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Victorians have been reassured their waiting times for elective surgery are at a record low

Photo: Vic minister hoses down surgery concerns
Victoria's health minister says elective surgery wait times are at a record low as a media report suggests the queue could grow this financial year.

Victorians have been reassured their waiting times for elective surgery are at a record low, despite data suggesting the queue could grow this financial year.

Analysis by News Corp says 40,754 Victorians are expected to have to wait for elective surgeries at major Melbourne major hospitals in 2019/20, marking a 43 per cent increase from the previous year.

The numbers come from dozens of annual 'priorities' agreements between the Victoria's health department and health agencies.

Elective surgeries include hip replacements, cataract extractions and ligament repairs.
State Health Minister Jenny Mikakos said the figures reflect that hospitals emergency departments have had to focus more on flu patients in this year's "absolute horror" season.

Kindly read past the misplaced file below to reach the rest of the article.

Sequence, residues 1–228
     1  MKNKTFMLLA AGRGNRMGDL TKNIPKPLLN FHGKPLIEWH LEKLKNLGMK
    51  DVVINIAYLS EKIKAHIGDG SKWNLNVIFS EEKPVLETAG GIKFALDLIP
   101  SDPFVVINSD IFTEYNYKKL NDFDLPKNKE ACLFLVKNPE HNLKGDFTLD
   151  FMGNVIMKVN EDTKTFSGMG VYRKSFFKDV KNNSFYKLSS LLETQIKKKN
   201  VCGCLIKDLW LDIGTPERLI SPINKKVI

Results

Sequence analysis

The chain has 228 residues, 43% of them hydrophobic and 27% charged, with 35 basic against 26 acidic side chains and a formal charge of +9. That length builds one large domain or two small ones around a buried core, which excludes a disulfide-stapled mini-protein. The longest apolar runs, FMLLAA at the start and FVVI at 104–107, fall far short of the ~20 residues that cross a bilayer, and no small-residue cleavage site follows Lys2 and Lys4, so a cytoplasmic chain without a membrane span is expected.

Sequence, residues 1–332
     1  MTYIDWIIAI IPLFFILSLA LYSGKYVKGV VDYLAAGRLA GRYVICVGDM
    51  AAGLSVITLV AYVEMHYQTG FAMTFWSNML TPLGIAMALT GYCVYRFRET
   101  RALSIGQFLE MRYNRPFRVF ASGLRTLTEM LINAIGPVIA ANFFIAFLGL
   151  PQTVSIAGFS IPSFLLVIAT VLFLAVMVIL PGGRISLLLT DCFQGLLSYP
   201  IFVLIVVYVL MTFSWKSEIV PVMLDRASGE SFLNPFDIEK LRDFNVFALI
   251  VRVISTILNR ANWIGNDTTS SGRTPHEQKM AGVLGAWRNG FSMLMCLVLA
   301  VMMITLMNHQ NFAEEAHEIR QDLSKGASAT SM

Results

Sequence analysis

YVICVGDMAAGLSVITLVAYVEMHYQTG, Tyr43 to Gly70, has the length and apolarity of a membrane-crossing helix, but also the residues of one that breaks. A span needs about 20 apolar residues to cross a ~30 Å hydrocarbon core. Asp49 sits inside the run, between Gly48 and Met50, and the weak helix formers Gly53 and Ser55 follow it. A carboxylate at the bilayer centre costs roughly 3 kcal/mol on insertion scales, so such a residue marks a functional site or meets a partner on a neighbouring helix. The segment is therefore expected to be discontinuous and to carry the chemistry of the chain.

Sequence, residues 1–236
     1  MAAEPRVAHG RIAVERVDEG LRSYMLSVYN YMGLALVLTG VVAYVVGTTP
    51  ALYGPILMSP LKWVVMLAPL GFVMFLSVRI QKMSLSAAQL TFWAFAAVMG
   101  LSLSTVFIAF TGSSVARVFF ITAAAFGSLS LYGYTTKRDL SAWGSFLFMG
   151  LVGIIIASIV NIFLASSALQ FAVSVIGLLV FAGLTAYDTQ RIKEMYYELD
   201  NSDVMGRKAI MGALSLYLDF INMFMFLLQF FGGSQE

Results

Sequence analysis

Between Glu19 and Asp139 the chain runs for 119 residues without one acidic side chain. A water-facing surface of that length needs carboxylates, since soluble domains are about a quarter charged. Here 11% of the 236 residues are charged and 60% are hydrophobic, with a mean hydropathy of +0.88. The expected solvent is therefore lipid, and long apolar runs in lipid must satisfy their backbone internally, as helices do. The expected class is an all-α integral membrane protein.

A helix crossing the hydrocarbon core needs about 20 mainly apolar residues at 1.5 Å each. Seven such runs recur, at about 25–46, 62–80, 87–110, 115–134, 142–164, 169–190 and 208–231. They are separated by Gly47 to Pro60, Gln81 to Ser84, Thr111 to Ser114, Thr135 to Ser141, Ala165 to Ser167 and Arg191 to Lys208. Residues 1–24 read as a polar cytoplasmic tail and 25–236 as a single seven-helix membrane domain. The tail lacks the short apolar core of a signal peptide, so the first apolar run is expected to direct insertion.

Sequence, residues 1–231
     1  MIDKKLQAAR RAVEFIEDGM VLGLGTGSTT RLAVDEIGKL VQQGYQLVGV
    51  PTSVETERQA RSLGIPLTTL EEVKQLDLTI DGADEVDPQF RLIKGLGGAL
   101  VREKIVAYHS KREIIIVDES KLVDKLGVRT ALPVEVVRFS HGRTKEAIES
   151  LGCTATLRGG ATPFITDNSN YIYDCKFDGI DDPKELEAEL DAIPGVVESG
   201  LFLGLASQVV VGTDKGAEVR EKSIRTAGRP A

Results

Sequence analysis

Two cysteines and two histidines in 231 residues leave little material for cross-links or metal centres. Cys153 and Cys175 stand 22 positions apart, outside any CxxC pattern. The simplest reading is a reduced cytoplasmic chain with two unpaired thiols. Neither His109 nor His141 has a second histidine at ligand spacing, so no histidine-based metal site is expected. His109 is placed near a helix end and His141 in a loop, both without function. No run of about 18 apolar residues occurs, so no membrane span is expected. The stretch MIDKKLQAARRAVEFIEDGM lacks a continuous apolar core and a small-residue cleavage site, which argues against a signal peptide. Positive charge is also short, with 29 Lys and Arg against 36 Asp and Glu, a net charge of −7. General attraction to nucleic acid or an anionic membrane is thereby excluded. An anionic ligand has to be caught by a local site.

"What they've had to do in response to this unprecedented flu season ... is bring forward expenditure, bring forward activity to focus on those additional emergency department presentations," she told reporters on Friday.

But she stressed what matters is not the sheer number of people waiting, but how long they are waiting. At the moment, the medium wait time is a record low of 26 days.

"Despite an unprecedented flu season, savage cuts from Canberra, we are seeing Victorian patients get their elective surgery faster than ever before," she said.

The Australian Medical Association's Victorian president said the idea Victorians are waiting less time for such surgeries was "nonsense", pinning the waiting time forecasts on "poor budgetary decisions".

"This is an appalling state of affairs for sick and vulnerable Victorians," Professor Julian Rait told 3AW radio on Friday.

The group representing Victorian private hospitals similarly said Ms Mikakos had "no excuse" for allowing a budget cut that could blow out surgery waiting times.

The Australian Private Hospitals Association also accused public hospitals of actively trying to pursue privately-insured patients so they can use their "private health benefits" in their system.

"In turn, the public hospital puts them ahead of the waiting list for public patients who have no other means to access health care," chief executive Michael Roff said.

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